Aquarium decor for axolotl
A good reason to have a bigger aquarium for your axolotl is so you can get more creative with the decor! You can’t fit a whole lot in a 15 or 20 gallon aquarium, so you will be more limited. With a 40 to 50 gallon aquarium, you can make a really beautiful environment for your axolotl.
Decor options include driftwood, rocks, live or fake plants, etc.
Axolotl do not light bright light. If you have a light on your aquarium, you definitely want to provide areas for them to get away. I recommend at least one cave. If you have more than one axolotl, you will need several hiding places.
Good options for hiding places include terracotta pots, PVC pipes, or any caves that are suitable for fish tanks as long as they are big enough and don’t have any sharp edges.
Axolotl are carnivores. In the wild, they eat worms, insects, worms, snails, and even small fish and amphibians. They will eat whatever fits in their mouth.
They eat by sucking their food in and swallowing it whole. Axolotls have small teeth that help with grabbing their food.
Axolotl are nocturnal, so it might be best to feed them later in the evening when they are more active.
In captivity, you can feed live earthworms/nightcrawlers (cut into smaller pieces depending on the size of your axolotl); live, frozen, canned, or dried bloodworms; live, frozen, or dried brine shrimp; carnivore pellets; live ghost shrimp; and pellets made specifically for axolotl.
It is best to feed a variety and not just one type of food to ensure they get all the nutrients they need.
Young axolotl will eat every day or even twice a day while they are growing, but adult axolotl will eat every 2 to 3 days. You can look at their stomach and see how full they are. Make sure you clean out any uneaten food to keep the aquarium cleaner.
They should be handled as little as possible. Just like fish, they have a slime coat that protects them. If you handle them, you could disrupt their slime coat and allow infection to set in.
If you must handle them such as to move to another aquarium, make sure you wash your hands very well, keep it brief, and don’t leave them out of the water long.
Axolotls are very interesting in that they can regenerate. They can regrow many parts of the body if damaged including limbs, tail, gills, organs, spine, and even parts of their brain! Apparently they can grow a perfect, brand new limb in just a few weeks without any scarring.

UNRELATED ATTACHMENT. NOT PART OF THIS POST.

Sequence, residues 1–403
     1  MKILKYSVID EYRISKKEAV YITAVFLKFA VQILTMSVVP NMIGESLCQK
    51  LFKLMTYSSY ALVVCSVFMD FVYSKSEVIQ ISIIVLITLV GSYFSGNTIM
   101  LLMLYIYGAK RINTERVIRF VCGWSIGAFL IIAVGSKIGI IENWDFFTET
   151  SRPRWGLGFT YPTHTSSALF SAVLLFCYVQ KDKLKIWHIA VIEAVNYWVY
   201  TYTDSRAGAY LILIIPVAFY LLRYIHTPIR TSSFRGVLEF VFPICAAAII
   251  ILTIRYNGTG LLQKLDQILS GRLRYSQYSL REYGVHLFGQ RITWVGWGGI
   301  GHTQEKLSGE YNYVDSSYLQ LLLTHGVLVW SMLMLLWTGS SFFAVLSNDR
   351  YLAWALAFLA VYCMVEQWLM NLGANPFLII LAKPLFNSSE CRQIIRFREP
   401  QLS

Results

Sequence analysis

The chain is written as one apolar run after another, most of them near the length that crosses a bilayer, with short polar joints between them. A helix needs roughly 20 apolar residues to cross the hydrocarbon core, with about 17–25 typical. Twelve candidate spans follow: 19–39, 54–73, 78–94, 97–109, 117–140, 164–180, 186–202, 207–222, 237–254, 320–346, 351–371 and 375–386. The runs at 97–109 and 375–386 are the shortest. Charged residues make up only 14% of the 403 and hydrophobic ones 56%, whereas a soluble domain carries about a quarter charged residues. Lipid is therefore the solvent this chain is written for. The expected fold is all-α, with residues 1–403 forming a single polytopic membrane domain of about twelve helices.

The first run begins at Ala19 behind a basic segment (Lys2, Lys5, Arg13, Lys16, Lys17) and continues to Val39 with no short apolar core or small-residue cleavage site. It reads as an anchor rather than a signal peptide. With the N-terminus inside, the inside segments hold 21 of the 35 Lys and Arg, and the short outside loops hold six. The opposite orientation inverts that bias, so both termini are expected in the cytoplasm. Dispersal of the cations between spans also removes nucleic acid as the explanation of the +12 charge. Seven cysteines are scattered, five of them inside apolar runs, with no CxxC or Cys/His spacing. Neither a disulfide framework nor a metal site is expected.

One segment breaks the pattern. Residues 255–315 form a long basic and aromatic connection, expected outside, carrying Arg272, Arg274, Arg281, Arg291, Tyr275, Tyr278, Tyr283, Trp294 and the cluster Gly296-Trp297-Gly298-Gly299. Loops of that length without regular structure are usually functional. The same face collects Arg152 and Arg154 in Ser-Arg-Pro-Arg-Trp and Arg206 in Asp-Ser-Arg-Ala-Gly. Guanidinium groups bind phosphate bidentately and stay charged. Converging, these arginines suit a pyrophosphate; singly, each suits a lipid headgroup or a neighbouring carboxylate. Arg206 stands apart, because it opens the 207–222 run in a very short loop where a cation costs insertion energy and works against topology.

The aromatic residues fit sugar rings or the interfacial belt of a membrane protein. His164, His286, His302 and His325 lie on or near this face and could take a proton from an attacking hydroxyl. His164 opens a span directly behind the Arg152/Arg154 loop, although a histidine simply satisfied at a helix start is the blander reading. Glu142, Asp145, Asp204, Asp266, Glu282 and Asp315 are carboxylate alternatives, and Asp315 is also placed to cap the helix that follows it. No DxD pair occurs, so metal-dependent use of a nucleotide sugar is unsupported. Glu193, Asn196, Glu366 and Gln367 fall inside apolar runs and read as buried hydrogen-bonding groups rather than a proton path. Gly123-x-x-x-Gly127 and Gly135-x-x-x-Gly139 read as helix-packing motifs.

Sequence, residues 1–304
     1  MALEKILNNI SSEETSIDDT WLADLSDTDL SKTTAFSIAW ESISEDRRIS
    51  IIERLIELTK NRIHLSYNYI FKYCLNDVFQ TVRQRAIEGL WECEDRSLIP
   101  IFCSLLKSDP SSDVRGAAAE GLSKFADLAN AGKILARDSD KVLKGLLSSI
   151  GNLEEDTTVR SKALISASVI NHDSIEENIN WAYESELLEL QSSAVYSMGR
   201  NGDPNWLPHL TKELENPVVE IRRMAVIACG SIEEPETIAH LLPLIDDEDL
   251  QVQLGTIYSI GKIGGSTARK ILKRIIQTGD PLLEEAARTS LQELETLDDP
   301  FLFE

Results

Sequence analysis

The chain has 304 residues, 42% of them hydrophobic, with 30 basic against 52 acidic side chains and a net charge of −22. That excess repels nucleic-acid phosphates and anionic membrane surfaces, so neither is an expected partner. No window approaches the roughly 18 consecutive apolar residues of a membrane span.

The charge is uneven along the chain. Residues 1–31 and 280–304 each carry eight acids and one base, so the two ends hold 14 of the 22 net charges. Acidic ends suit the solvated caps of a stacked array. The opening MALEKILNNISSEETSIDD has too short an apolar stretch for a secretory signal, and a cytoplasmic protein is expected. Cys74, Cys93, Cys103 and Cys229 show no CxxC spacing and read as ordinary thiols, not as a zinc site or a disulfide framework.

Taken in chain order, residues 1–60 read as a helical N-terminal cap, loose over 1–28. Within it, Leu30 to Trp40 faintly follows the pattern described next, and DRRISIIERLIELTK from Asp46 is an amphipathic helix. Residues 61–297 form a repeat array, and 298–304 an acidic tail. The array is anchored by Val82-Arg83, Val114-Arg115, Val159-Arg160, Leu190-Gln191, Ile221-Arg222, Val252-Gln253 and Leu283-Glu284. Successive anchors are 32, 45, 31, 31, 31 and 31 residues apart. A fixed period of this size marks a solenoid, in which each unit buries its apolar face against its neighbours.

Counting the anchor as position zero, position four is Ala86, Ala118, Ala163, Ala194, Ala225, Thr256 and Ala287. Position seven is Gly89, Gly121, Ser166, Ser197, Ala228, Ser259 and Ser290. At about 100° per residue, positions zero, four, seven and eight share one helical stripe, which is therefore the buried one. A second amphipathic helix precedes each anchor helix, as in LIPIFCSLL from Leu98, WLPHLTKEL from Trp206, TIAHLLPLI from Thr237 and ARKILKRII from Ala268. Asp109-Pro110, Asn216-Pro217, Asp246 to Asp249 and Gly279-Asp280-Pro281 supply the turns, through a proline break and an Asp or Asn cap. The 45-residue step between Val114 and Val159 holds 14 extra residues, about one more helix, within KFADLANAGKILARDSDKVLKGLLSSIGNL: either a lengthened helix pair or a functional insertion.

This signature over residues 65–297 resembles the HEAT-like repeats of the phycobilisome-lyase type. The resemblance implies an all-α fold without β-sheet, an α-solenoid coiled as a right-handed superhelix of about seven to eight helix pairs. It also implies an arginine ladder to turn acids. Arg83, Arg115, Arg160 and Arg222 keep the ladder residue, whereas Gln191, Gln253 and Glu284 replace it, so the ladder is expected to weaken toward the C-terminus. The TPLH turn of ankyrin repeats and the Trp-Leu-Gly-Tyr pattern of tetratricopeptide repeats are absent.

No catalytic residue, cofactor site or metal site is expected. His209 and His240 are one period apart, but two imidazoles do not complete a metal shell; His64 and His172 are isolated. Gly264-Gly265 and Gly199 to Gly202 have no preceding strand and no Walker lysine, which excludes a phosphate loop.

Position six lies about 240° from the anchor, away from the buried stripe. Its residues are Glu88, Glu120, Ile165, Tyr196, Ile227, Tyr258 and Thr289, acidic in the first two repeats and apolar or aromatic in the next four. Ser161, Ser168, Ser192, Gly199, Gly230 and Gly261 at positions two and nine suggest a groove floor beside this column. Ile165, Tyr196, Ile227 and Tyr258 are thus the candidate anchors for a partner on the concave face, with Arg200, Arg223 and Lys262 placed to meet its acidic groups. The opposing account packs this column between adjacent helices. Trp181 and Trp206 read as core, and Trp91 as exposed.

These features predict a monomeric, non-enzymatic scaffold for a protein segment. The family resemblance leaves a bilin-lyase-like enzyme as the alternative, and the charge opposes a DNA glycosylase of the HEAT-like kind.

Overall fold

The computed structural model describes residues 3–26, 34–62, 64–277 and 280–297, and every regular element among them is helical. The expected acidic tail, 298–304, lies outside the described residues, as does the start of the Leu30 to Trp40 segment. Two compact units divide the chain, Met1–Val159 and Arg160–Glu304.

From research so far, it looks like they can only regrow a body part up to 5 times before it won’t regrow anymore and the loss/damage will be permanent.
Their regeneration ability also makes them less likely to get cancer.
Common illnesses and diseases
Although axolotl have amazing regenerative abilities, they can still get sick. Illness is most commonly caused by poor water quality, poor water parameters, stress, parasites, intestinal blockages, bacterial or fungal infections. They rarely get cancer, but can develop benign tumors.
Here is an excellent article that lists common illnesses, symptoms, and their treatment: Axolotl Diseases, Parasites & Treatments
In some places it is illegal to own an axolotl as a pet and some you will need a permit or license. If planning on getting one, you will need to research the laws regarding them where you live.
Supply list to get started with a pet axolotl
Here’s my recommended list to get you ready for an axolotl:
• 15 to 50 gallon aquarium (larger is better!) – I recommend getting at your local fish/pet store such as PetSmart or Petco rather than buying online as they are much more expensive online
• Secure lid that fits the dimensions of the aquarium you have
• Sand substrate
• Thermometer – Glass thermometer with suction cup or digital thermometer
• Water chiller
• Water conditioner
• Filter – HOB filter or canister filter
• Decor – Driftwood, decorative rocks (only larger ones that are too big to fit in your axolotl’s mouth), plants
• Food – Live earthworms/nightcrawlers, bloodworms, brine shrimp, carnivore pellets, pellets for axolotl
I hope this axolotl care guide helps you decide if a pet axolotl is right for you and how to best take care of it if you decide to get one (or already have one)!
You might also be interested in: What pets can be kept in a 10 to 20 gallon aquarium?